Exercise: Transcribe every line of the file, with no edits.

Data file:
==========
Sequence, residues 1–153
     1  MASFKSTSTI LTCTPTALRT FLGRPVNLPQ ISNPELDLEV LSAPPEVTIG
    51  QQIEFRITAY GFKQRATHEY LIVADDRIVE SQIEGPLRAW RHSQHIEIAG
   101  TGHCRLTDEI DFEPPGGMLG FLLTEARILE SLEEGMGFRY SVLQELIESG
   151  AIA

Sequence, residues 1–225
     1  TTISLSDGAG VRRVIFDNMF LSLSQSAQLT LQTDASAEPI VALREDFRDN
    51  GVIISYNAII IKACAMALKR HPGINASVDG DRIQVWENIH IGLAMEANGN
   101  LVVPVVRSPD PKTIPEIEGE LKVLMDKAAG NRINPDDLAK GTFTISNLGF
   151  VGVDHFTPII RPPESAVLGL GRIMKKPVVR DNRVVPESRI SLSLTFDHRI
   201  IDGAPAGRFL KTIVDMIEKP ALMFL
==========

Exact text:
Sequence, residues 1–153
     1  MASFKSTSTI LTCTPTALRT FLGRPVNLPQ ISNPELDLEV LSAPPEVTIG
    51  QQIEFRITAY GFKQRATHEY LIVADDRIVE SQIEGPLRAW RHSQHIEIAG
   101  TGHCRLTDEI DFEPPGGMLG FLLTEARILE SLEEGMGFRY SVLQELIESG
   151  AIA

Sequence, residues 1–225
     1  TTISLSDGAG VRRVIFDNMF LSLSQSAQLT LQTDASAEPI VALREDFRDN
    51  GVIISYNAII IKACAMALKR HPGINASVDG DRIQVWENIH IGLAMEANGN
   101  LVVPVVRSPD PKTIPEIEGE LKVLMDKAAG NRINPDDLAK GTFTISNLGF
   151  VGVDHFTPII RPPESAVLGL GRIMKKPVVR DNRVVPESRI SLSLTFDHRI
   201  IDGAPAGRFL KTIVDMIEKP ALMFL